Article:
What is greatness? A quick search on the Internet can give you several definitions. Webster’s Dictionary defines great as “markedly superior in character or quality.” Another online dictionary site defined greatness as being larger than ordinary size or ability, or being higher in degree or importance.
But what is true greatness? Ezra Taft Benson said, “The only true test of greatness is how close a life can come to being like that of the Master, Jesus Christ.” A very similar thought was shared by Howard W. Hunter in Chapter 11, when he said that true greatness “is the thousands of little deeds and tasks of service and sacrifice that constitute the giving, or losing, of one’s life for others and for the Lord.” Using these definition of true greatness, think of all the truly great people you know!
The spouse who sees in you what you cannot seem to see in yourself.
The incredible single mom, who has such a heavy load to bear. And her family and friends who help bear that load with her.
Those who give so much of themselves to their Church callings – the bishop, Primary teacher, Elders Quorum president, early morning seminary teacher, Young Women leader.
Or the husband who lovingly takes care of his wife whose health is failing.
Neighbors who are watching out for each other.
The friend who instinctively knows just when you need her (or him).
The parent who loves even the most wandering child.
And what about those who have put their pasts behind them and are making better futures for those they love.
President Hunter had his own list. His include, “those of you who quietly and consistently do the things you ought to do. I am talking about those who are always there and always willing. I am referring to the uncommon valor of the mother who, hour after hour, day and night, stays with and cares for a sick child while her husband is at work or in school. I am including those who volunteer to give blood or to work with the elderly. I am thinking about those of you who faithfully fulfill your priesthood and church responsibilities and of the students who write home regularly to thank their parents for their love and support. I am also talking about those who instill in others faith and a desire to live the gospel—those who actively work to build and mold the lives of others physically, socially, and spiritually. I am referring to those who are honest and kind and hardworking in their daily tasks, but who are also servants of the Master and shepherds of his sheep.”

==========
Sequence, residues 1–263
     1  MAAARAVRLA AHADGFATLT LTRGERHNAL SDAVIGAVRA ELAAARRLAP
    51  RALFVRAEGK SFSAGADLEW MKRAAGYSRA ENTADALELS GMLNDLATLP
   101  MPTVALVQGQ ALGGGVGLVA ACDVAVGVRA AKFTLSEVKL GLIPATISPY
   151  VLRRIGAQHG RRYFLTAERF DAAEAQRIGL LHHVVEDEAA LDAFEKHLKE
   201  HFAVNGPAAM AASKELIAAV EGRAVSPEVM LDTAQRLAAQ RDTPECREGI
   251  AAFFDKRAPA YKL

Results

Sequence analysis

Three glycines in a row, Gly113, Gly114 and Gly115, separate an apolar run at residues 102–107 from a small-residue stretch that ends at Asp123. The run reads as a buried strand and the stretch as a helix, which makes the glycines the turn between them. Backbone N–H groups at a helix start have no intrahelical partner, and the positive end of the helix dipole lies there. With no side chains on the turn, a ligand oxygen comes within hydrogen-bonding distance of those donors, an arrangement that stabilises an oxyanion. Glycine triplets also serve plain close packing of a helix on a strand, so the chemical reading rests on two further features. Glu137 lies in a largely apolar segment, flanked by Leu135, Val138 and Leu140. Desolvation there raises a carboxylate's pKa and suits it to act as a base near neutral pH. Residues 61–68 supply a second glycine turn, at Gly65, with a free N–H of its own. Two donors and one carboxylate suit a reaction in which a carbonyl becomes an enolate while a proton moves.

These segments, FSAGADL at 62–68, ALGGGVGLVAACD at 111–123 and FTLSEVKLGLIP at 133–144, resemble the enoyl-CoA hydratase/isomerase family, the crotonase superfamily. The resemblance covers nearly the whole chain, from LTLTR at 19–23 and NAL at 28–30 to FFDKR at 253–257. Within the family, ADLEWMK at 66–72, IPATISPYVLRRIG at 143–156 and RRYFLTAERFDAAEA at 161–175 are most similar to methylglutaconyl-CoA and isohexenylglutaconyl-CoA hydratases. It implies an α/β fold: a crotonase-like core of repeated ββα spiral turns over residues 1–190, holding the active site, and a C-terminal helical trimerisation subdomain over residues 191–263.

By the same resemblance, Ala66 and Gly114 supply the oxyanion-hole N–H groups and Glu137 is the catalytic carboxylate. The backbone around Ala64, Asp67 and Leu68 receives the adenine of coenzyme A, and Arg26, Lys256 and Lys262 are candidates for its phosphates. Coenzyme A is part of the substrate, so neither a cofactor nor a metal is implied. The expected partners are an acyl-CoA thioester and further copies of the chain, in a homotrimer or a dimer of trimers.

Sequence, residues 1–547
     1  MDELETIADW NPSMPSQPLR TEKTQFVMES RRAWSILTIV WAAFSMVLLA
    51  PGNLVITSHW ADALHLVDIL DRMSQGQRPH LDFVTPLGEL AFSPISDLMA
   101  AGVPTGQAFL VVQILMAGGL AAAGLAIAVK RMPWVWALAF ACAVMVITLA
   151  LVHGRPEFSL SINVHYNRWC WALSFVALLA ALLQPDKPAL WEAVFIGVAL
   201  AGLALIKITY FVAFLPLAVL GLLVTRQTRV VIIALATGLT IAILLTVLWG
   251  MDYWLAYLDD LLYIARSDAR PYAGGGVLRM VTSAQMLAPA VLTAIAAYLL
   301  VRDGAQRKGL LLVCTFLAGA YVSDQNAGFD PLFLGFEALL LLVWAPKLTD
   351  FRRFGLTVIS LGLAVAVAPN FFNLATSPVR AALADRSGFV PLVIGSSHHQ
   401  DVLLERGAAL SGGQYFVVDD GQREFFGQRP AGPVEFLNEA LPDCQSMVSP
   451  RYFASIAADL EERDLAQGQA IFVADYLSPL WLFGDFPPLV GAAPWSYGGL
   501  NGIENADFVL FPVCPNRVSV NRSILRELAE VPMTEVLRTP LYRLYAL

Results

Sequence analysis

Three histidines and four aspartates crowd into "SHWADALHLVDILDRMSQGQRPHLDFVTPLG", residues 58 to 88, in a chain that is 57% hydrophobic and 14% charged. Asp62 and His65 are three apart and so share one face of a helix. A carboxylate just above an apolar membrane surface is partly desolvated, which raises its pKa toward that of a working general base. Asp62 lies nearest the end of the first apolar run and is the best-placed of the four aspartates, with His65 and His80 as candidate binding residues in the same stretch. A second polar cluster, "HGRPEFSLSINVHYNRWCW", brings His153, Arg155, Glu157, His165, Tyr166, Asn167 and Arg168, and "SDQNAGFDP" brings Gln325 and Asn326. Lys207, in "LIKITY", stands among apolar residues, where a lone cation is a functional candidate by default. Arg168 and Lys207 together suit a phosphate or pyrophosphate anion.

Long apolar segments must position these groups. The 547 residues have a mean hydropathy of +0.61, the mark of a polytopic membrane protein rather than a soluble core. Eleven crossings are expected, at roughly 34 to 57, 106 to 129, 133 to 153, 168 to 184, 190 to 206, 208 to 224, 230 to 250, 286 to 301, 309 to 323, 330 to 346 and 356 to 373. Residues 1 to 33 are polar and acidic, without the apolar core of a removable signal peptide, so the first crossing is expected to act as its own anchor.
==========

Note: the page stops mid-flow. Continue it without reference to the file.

These are the people who would never think they are examples of true greatness – but they are! Joseph B. Wirthlin said, “We often don’t know the reach of a simple act of kindness.”1
President Hunter taught, ” To do one’s best in the face of the commonplace struggles of life—and possibly in the face of failure—and to continue to endure and to persevere in the ongoing difficulties of life when those struggles and tasks contribute to others’ progress and happiness and one’s own eternal salvation—this is true greatness.”
Struggles, failure, ongoing difficulties. While those words may sound a little grim – okay, maybe a lot grim – they are real life. And what I love about that quote is President Hunter is telling us that it is especially while we are going through the hard times that we are helping other people along their often bumpy road of life. And to help us keep an eternal perspective, he reminds us that “realizing who we are and what we may become assures us that with God nothing is really impossible.”
Joseph B. Wirthlin taught, “Every one of us has potential we can scarcely imagine. There is within each of us a divine spark of greatness. Who knows of what we are capable if we only try?”1
How very blessed I am to have such incredible people in my life who have kept trying especially when it was hard, who thought of others before themselves, who put God first, and who helped shape my life and my children’s lives. Most of these wonderful people the world would never consider great, but to me they are the epitome of true greatness.
I love this quote by President Hunter, which has a very special meaning today since it is Mother’s Day:
“Let us remember that doing the things that have been ordained by God to be important and needful and necessary, even though the world may view them as unimportant and insignificant, will eventually lead to true greatness.”
1. The Abundant Life – Joseph B. Wirthlin